Fighting With My Family (2019)
A former wrestler and his family make a living performing at small venues around the country while his kids dream of joining World Wrestling Entertainment.
Starring: Florence Pugh • Dwayne Johnson • Lena Headey • Vince Vaughn • Nick Frost
I love an underdog movie and the true story of Paige the WWE diva is a really satisfying watch. Sure, there aren’t many surprises and the narrative is pretty formulaic – but there’s a comfort in that.
If I’m honest I didn’t expect to love it as much and I think that’s mostly down to the casting. Saraya Knight AKA Britani Knight AKA Paige is played by the lovely Florence Pugh – an actress who first blew me away in Lady Macbeth.
As Saraya – or Ray to her family – tackles minor success and then the absolute brutality of what fame and fortune really requires from her, Pugh takes her through every emotion. Elation, guilt, despair – determination. She is an absolute joy to watch.
Ray’s family are a dream too – in the form of Mum Julia (Lena Headey) and Dad Ricky (Nick Frost) – and brother Zak (Jack Lowden), her wrestling partner-in-crime. The unit live and breathe the sport and run their own, barely surviving wrestling gym. Both Ray and Zak teach the community kids and generally keep them out of trouble and off the streets.
The kids and all the side characters peppered around the gym are really fun, as are the appearances of Hugh (director Stephen Merchant) and Daphne (Julia Davis) – straight-laced parents of Zak’s baby mama. The dinner party scene really made me chuckle a lot.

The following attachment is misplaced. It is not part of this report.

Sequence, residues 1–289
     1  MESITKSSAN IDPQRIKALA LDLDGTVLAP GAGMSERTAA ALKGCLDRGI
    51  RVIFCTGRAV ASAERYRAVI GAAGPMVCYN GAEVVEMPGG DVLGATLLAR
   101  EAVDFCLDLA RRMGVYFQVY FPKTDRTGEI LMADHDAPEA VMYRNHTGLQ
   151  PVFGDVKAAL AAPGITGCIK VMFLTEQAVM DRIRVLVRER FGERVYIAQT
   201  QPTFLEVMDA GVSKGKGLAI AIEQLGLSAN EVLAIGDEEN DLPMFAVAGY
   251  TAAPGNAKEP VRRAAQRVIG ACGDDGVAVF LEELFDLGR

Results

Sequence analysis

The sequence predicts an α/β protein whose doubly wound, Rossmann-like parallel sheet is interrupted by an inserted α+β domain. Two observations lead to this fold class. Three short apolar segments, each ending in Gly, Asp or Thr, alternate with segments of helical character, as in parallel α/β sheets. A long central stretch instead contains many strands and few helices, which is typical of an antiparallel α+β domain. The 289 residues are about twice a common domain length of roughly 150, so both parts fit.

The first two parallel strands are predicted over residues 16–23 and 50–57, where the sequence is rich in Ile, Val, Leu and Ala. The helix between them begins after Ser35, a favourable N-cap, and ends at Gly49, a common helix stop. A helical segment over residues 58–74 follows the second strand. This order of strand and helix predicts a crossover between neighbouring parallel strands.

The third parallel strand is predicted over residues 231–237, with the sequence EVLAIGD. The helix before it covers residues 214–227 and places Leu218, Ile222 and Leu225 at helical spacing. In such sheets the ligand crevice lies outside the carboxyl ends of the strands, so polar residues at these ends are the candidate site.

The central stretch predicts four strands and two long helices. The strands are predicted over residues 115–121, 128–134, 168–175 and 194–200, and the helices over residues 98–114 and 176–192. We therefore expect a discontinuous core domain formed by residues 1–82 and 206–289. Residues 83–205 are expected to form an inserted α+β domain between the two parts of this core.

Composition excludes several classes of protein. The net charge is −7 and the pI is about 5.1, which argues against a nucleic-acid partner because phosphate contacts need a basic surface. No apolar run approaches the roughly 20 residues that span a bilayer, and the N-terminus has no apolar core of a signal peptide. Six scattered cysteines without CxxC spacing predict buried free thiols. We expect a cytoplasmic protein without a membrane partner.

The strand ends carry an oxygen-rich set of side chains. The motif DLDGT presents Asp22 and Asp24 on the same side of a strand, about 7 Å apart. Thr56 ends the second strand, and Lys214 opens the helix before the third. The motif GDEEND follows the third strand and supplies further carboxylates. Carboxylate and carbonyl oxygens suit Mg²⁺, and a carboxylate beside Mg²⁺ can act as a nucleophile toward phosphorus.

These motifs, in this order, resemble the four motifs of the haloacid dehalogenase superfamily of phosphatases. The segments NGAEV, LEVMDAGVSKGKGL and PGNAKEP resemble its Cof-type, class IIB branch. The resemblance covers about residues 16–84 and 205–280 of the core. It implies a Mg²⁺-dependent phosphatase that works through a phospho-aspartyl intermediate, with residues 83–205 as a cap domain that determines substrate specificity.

When the siblings finally get the opportunity of a lifetime to audition in front of WWE trainer (Vince Vaughn), it has massive consequences for the family and Ray – and more so for the relationship between brother and sister. In both good and bad ways.
Ray travels to Florida to try out with the big boys and girls – and the standard could not be more different. Can she embrace who she really is and find her own place in this world?
There are some really interesting themes explored here – not least the devastation of being left behind felt by Zak. As his sister lives out their shared dream, he has to come to terms with focusing on a new one and it takes him a while.
Ray has to decide how much she really wants to be part of the WWE’s main roster and – who knew – the girl also has a lot of growing up to do. Well, she is only EIGHTEEN.
She (now going by Paige) struggles with the other girls, making lofty assumptions about them because they’re mostly models and dancers. Her illusion that they deserve their places in try-outs less than she does her no favours. Can she claw it back with these women and make a couple of much-needed friends along the way?
Well, thankfully there’s a shift in both perspective and fortune for Paige – and I loved it. As soon as the girls start working together, it gets better for all of them. They’re even there are the end when Paige inevitably overcomes all her self-doubt, her guilt and her demons to absolutely smash it.
FWMF is funny, sweet, touching and very good. I’m a fan of the feel-good and now I want to know everything there is to know about the real Paige.
I definitely recommend catching this while it’s still in the theater.
⭐⭐⭐⭐½ out of ⭐⭐⭐⭐⭐